Limits...
Discriminating external and internal causes for heading changes in freely flying Drosophila.

Censi A, Straw AD, Sayaman RW, Murray RM, Dickinson MH - PLoS Comput. Biol. (2013)

Bottom Line: The remaining turning decisions, not explained by this feature of the visual input, may be attributed to a combination of deterministic processes based on unobservable internal states and purely stochastic behavior.We cannot distinguish these contributions using external observations alone, but we are able to provide a quantitative bound of their relative importance with respect to stimulus-triggered decisions.We discuss how this technique could be generalized for use in other systems and employed as a tool for classifying effects into sensory, decision, and motor categories when used to analyze data from genetic behavioral screens.

View Article: PubMed Central - PubMed

Affiliation: Control & Dynamical Systems, California Institute of Technology, Pasadena, California, United States of America.

ABSTRACT
As animals move through the world in search of resources, they change course in reaction to both external sensory cues and internally-generated programs. Elucidating the functional logic of complex search algorithms is challenging because the observable actions of the animal cannot be unambiguously assigned to externally- or internally-triggered events. We present a technique that addresses this challenge by assessing quantitatively the contribution of external stimuli and internal processes. We apply this technique to the analysis of rapid turns ("saccades") of freely flying Drosophila melanogaster. We show that a single scalar feature computed from the visual stimulus experienced by the animal is sufficient to explain a majority (93%) of the turning decisions. We automatically estimate this scalar value from the observable trajectory, without any assumption regarding the sensory processing. A posteriori, we show that the estimated feature field is consistent with previous results measured in other experimental conditions. The remaining turning decisions, not explained by this feature of the visual input, may be attributed to a combination of deterministic processes based on unobservable internal states and purely stochastic behavior. We cannot distinguish these contributions using external observations alone, but we are able to provide a quantitative bound of their relative importance with respect to stimulus-triggered decisions. Our results suggest that comparatively few saccades in free-flying conditions are a result of an intrinsic spontaneous process, contrary to previous suggestions. We discuss how this technique could be generalized for use in other systems and employed as a tool for classifying effects into sensory, decision, and motor categories when used to analyze data from genetic behavioral screens.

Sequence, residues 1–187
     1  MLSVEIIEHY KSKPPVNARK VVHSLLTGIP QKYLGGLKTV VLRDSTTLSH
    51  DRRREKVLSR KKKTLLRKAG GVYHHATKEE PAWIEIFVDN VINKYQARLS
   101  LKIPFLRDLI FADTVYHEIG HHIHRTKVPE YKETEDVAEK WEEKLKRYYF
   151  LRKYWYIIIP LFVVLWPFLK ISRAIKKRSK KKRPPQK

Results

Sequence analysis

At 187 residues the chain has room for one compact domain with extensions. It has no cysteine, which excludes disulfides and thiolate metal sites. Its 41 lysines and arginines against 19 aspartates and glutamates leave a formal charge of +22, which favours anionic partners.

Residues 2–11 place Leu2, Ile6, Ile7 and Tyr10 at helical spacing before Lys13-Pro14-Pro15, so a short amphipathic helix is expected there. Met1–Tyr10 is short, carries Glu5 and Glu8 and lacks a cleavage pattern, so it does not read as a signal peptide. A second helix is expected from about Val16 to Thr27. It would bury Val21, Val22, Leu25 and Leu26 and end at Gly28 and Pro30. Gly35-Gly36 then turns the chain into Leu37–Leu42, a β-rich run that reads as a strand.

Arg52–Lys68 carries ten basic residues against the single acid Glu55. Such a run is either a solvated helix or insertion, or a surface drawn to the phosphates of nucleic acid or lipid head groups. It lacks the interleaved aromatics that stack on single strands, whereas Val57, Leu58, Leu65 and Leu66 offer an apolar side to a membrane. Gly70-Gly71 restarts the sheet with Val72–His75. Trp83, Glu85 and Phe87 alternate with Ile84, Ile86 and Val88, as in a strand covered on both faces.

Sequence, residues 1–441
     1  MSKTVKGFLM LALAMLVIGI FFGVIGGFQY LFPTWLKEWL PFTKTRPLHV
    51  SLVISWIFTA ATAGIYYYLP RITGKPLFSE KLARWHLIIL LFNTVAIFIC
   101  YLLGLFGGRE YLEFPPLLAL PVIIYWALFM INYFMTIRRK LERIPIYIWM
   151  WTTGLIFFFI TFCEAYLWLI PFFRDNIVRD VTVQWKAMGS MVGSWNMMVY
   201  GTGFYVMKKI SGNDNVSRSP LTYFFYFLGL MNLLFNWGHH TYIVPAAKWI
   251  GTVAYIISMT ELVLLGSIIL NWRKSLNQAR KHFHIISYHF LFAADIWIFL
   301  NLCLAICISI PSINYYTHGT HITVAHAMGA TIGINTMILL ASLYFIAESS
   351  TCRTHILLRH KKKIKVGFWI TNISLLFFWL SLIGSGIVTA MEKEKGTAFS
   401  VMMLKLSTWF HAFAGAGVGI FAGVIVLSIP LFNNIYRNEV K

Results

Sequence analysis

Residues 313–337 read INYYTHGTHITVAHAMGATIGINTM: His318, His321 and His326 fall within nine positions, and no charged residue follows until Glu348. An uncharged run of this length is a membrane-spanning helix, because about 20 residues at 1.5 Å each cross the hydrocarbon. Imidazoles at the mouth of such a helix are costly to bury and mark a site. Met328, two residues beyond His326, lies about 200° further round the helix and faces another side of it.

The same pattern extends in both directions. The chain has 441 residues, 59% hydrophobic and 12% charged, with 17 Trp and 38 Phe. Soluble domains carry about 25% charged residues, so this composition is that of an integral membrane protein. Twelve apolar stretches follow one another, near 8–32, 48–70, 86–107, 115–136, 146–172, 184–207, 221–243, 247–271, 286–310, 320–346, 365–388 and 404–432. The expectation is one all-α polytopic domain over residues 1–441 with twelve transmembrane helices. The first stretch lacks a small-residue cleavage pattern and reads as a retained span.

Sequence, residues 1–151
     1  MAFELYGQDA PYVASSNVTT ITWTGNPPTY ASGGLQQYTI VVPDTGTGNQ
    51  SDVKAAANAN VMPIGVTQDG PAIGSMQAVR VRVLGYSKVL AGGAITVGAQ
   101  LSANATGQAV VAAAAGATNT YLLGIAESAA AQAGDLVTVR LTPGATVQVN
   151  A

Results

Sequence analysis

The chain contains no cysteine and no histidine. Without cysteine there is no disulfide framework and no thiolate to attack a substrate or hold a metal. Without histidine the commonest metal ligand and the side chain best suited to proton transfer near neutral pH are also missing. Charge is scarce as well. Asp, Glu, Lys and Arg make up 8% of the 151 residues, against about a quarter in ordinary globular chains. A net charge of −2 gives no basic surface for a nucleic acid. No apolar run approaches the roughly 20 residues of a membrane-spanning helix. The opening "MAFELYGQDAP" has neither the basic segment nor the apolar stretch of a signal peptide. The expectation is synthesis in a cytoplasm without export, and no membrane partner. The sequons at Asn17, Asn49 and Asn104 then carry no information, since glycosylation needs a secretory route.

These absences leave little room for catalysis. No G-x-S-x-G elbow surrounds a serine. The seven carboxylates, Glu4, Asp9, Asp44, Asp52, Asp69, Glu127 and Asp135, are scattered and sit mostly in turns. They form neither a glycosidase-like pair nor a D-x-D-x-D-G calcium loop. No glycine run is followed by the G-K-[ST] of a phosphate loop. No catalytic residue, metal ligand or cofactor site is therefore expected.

Show MeSH

Related in: MedlinePlus

The estimated decision feature . Panel A shows the estimated one dimensional feature . This is the best one dimensional spatial feature that explains the left and right saccade rates. It is a dimensionless quantity, which we normalize in the interval . Panel B-i shows, for each cell , the rates  as a function of the estimated feature ; Panel B-ii shows the same data, but with error bars corresponding to 95% confidence intervals (the bars are not symmetric because the posterior distribution of the estimated rates is not Gaussian; see Supplemental Materials for details). The single feature  is sufficient to predict the rate in  of the environment, in the sense that 93% of the rates can be considered (with the error bars) as lying on the same curve; these curves are the functions  and  discussed previously that allow predicting the rates from the feature. The remaining  of data that this model cannot fit correspond to configurations with the fly pointing directly against the wall at a small distance (<0.3 m).
© Copyright Policy
Related In: Results  -  Collection

License
getmorefigures.php?uid=PMC3585425&req=5